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Canon EF-70-200 F/2.8I IS II USM

Don BDon B Senior MemberSlidell laPosts: 857 Officer
I am looking to purchase a new lens for boat pics,(marlin, sailfish, Tarpon) mostly fast action high light stuff, I am thinking about the above lens, with out the stabilizer. Has anybody had any experience with this lens, or any recommendations for something else in this category?

Replies

  • WaterEngineerWaterEngineer Senior Member Posts: 24,412 AG
    I will wait for the Canon guys to chime in but I will suggest the 100-400mm f/5.6 lens.
  • ChuckcChuckc Senior Member Posts: 4,397 Captain
    Not a Canon guy but I would not do it personally. The 70-200 2.8 lens is a large, heavy, expensive and somewhat fragile piece and a boat isn't where I would be comfy using one. For me, the 55-250 IS or the latest Tamron 70-300 VC, USD, alphabet soup lens would get the nod. Probably the Tamron with the 6 year warranty and a little extra reach.
  • mississippi macmississippi mac Senior Member Ocean Springs, Ms. (da coast)Posts: 4,222 Captain
    first, you wouldn't want one without IS, especially shooting forma boat which I do a lot...
    you might want to try ef 70-300 IS USM which is a surprisingly good piece of glass and way cheaper...about $650 new...

    tim
    [SIGPIC][/SIGPIC]
    The Real White Dog

    if you can't catch a fish...catch a buzz....
    #12976, joined 8-17-2002
  • Don BDon B Senior Member Slidell laPosts: 857 Officer
    Tim, with the f/4-f/5.6 settings can you achieve that shallow depth of field to really make the subject stand out? Also I did not think the IS would be that big of an issue when shooting a fast shutter speed using the lower f-stop. Please correct me where I'm wrong as I'm in a learning curve. Thanks.
  • WaterEngineerWaterEngineer Senior Member Posts: 24,412 AG
    Don B wrote: »
    Tim, with the f/4-f/5.6 settings can you achieve that shallow depth of field to really make the subject stand out? Also I did not think the IS would be that big of an issue when shooting a fast shutter speed using the lower f-stop. Please correct me where I'm wrong as I'm in a learning curve. Thanks.

    I will answer for Tim as he doesn't seem to be around.

    At the distances you will be shooting Sails and Tarpon, yes, you can isolate the critter away from the background. As the subject moves farther from the camera the depth of field increases.

    Maybe this little video will hep understand the concept - it is fairly clear. >>>> https://www.youtube.com/watch?v=rbfwhjxK-cs#t=45

    Another way to look at it, is you don't want that super shallow DOF anyway, because the critter is going to be wriggling all around and you want to keep it in focus. It would be harder to keep the critter in focus at f/2.8 at any distance close enough to you to be meaningful for you to even consider f/2.8.

    As for shutter speed - today's cameras have such good high ISO that you don't have to worry too much about grainy, noisy photos at elevated ISOs. This fact has changed a lot in the last four years or so.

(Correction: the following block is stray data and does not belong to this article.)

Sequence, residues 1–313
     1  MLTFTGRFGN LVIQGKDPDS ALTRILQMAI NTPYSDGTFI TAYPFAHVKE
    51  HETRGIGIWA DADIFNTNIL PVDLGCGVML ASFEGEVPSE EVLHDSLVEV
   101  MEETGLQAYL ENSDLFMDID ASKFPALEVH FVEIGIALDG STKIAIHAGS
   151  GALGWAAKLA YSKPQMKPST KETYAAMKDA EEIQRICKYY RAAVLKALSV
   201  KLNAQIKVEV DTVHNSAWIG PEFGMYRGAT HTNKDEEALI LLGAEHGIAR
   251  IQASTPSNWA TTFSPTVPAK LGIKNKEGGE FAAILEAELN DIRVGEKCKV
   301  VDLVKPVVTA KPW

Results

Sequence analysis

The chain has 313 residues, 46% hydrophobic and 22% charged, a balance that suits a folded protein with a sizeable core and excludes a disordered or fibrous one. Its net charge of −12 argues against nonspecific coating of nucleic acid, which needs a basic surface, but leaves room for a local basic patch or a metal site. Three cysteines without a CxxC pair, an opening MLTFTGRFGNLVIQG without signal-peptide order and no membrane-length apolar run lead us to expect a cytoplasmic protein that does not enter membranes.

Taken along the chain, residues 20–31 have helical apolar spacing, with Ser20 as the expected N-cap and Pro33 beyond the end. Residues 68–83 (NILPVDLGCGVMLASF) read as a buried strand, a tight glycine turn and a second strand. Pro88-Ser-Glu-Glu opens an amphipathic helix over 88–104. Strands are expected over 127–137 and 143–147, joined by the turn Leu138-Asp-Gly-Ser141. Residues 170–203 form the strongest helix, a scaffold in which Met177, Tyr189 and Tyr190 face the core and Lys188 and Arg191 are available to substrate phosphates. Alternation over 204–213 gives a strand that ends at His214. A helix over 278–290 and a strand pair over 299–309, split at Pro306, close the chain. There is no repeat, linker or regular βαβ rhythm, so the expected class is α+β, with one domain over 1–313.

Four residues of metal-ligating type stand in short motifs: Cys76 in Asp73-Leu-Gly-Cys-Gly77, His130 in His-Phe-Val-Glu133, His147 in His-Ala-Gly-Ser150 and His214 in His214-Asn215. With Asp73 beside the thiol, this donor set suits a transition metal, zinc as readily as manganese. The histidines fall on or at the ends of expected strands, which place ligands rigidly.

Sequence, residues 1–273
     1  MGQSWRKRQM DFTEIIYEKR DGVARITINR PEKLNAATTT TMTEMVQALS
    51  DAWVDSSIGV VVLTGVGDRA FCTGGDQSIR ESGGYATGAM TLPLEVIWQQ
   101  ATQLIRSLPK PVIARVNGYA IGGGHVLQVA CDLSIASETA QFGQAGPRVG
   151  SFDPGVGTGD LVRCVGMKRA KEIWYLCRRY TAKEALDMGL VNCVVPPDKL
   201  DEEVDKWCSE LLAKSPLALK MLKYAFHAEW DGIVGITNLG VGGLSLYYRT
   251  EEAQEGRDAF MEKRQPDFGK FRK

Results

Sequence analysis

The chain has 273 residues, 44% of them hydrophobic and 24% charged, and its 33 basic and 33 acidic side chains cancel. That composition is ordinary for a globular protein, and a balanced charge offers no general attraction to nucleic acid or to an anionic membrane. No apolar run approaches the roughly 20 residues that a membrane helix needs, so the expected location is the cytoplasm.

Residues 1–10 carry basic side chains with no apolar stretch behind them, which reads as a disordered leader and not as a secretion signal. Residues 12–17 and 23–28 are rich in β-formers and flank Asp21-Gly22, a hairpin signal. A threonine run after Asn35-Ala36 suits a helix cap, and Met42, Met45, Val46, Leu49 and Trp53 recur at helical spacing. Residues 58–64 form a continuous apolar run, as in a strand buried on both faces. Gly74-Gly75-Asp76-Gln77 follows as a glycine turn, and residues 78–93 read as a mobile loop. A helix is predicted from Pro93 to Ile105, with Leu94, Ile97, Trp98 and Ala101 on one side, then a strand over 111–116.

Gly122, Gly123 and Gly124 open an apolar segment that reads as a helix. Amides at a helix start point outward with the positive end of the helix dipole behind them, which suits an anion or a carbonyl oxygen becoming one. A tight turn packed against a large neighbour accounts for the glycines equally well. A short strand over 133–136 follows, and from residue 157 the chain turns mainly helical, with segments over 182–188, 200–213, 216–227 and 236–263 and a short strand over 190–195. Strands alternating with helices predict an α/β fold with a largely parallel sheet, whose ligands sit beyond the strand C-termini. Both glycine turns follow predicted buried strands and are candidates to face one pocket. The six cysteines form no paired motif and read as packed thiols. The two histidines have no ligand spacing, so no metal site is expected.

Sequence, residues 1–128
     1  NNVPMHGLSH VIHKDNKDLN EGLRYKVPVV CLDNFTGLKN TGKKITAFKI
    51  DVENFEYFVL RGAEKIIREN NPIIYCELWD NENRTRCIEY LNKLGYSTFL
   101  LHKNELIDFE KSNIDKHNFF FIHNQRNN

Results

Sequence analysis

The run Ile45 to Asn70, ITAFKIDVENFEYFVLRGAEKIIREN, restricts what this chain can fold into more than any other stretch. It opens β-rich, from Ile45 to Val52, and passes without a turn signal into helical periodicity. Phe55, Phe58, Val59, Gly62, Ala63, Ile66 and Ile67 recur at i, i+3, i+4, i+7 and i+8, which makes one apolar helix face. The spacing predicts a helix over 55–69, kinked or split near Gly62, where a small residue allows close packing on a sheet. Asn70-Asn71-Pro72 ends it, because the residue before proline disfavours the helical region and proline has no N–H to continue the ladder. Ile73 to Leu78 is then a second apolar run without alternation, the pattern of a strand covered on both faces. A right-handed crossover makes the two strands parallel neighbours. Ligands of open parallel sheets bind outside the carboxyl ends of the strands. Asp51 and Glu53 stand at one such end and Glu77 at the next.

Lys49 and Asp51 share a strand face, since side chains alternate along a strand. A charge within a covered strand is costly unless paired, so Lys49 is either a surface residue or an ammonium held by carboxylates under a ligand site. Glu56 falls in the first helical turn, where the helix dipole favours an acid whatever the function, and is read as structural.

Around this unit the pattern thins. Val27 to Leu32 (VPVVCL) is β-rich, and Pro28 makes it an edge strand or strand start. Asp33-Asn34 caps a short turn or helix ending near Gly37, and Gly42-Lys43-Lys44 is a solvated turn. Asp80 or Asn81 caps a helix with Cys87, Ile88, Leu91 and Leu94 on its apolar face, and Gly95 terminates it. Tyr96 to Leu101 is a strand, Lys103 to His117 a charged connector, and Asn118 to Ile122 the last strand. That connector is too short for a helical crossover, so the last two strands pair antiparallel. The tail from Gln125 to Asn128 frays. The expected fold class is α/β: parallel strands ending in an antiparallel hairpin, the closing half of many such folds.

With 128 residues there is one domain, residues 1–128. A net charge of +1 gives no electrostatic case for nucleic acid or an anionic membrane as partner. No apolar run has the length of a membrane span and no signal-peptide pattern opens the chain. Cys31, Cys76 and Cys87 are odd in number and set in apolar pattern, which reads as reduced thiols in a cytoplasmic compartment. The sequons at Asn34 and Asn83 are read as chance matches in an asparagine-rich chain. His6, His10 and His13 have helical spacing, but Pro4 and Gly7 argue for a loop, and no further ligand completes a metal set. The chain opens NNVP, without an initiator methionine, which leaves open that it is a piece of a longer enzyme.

What body are you using, T3i, D70, D7? I suggest shooting in Sv, dialing in your shutter speed and letting the camera figure out the rest. Keep the camera on "Auto ISO." Dial in the shutter to 1/640-1/1200. That should be a good place to start.

    Good luck and let us know who you do. Post a few and ask more questions.
  • Don BDon B Senior Member Slidell laPosts: 857 Officer
    I have a 60D, and a 7d, which I have recently purchased. I am headed down to Golfito in a couple weeks and hope to get some pics worthy of mounting in my office.
  • ChuckcChuckc Senior Member Posts: 4,397 Captain
    I would rather have a sharp shot with too much DOF than an out of focus shot. The former can be altered in post to give you the look you want more or less but the latter is lost.
  • bmarkeybmarkey Senior Member Royal Palm Beach, Fla.Posts: 319 Deckhand
    The 70-200 2.8 is probably Canon's greatest lens. Try to buy the IS version, but the non-IS is just as sharp. The II versions are supposed to be better but the original versions are great. Save money and buy a good used one.

    Bob Markey
    United Realty Group
    www.WellingtonHomes.com
    Sport, Event & Real Estate Photography
    Palms West Photo
    www.MarkeySportsPhoto.com
  • WaterEngineerWaterEngineer Senior Member Posts: 24,412 AG
    One last point, from a non-Canon user.

    Since you are buying new, I would suggest a hard look at the 70-200 f/4 lens, as it is smaller and lighter than the f/2.8 lens. That is if you are really committed to the focal length.
  • Don BDon B Senior Member Slidell laPosts: 857 Officer
    Thanks for all of the feed back, I bought one MissMac suggested, Hope to get something good with it over the next couple weeks.

    Also, when I get back, I'm going to buy that 70-200 2.8 with stabilizer. a ,man just can't have too many toys.:dance
  • mississippi macmississippi mac Senior Member Ocean Springs, Ms. (da coast)Posts: 4,222 Captain
    Don,

    i have the f4 70-200 "L" IS USM...
    it's a lot lighter piece of glass to lug around than the f2.8 is...
    i have used the f2.8 and it is indeed a great piece of glass but i wouldn't buy either new....

    i have posted too many times that i usuually end up grabbing my ef 70-300 f4-f5.6 IS USM more often than the "L" lense...
    it's a really good piece of glass and a little bit more versitle with the extra 100mm...

    as Craig said, at f4 or f5.6, you can work around the slower lens with higher iso, although i seldom shoot faster than iso 400, or have to...

    tim
    [SIGPIC][/SIGPIC]
    The Real White Dog

    if you can't catch a fish...catch a buzz....
    #12976, joined 8-17-2002
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